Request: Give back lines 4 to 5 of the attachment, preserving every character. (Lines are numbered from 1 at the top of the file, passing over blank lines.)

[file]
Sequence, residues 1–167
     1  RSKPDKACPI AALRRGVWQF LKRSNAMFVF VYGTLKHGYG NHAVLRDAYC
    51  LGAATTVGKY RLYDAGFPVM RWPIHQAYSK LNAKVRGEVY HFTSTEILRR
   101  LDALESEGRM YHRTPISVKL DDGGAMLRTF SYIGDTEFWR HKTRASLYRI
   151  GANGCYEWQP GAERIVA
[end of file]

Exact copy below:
   101  LDALESEGRM YHRTPISVKL DDGGAMLRTF SYIGDTEFWR HKTRASLYRI
   151  GANGCYEWQP GAERIVA